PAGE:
If there are properties in the same neighborhood of the same size and equivalent condition which have a lower price, the buyers will gravitate toward those. Buyers look first at the neighborhood, price range and size. When that matches, they start looking at the details, condition first. Buyers don't get down to analyzing the value of perks until your property has already passed stages 1,2, and 3. The problem is, they could buy your competition before they get that far on your property.
You have a short window to catch the buyers attention. By focusing on a higher price w/ assistance, you could seem less attractive in the first 10 seconds when a buyer simply notices 6 untits available and yours is the highest in the group. Go for capturing the buyer quickly by focusing on pricing aggressively.
Exception......Entry level buyers sometimes need help w/ closing costs, etc. in order to get in. If you are selling to a first time home buyer and an entry level home, that could be valuable.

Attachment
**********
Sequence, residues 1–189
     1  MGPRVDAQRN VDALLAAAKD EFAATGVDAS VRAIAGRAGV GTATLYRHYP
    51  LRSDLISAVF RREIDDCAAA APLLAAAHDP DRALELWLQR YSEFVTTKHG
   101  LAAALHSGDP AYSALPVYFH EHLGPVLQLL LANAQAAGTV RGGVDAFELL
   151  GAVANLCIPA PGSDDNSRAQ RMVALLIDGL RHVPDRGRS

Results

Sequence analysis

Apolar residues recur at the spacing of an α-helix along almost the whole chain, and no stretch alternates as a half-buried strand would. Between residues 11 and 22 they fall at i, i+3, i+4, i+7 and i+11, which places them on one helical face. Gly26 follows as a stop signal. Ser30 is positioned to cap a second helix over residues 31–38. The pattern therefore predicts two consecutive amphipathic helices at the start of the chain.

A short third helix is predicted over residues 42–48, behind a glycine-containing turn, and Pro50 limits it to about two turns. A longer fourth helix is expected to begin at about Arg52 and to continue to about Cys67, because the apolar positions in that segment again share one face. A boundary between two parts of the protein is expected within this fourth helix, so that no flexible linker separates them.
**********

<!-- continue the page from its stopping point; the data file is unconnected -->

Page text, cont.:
The other time an incentive can become valuable is when buyer and seller are close in price agreement, but can't make it come together. Save your incentive thoughts for that possibility, too.
First: TO be realistic in your expectations of the selling price.
If you understand that property values have decreased 20% to 40% across the board in the State of Maryland, then you don't think De-Nial is a rive in Egypt.
Second: You need to hire a qualified certified real estate auctioneer.
With property values eroding at a rate of 2% to 4% a month and the economy not getting any better, with no hope of home value stabilization until 2010 to 2011 then you need to sell and sell quick.
An auction will deliver cash in about 4 to 6 weeks, usually with no seller commissions.
The realtors are all going to scream at my answer but the proof is in the pudding. Just look at the average DOM or days on market for listings, then look at how many properties are listed in your market against how many sold last month.
Gimmicks like TV's and Counter tops have not worked since 2006 the only thing people want is to know they did not pay too much.
At auction a buyer "WINS" the property by paying one bid more than someone else was willing to pay.
Fact not fiction
In denial: Homeowners believe their own home's immune to tumbling prices nationwide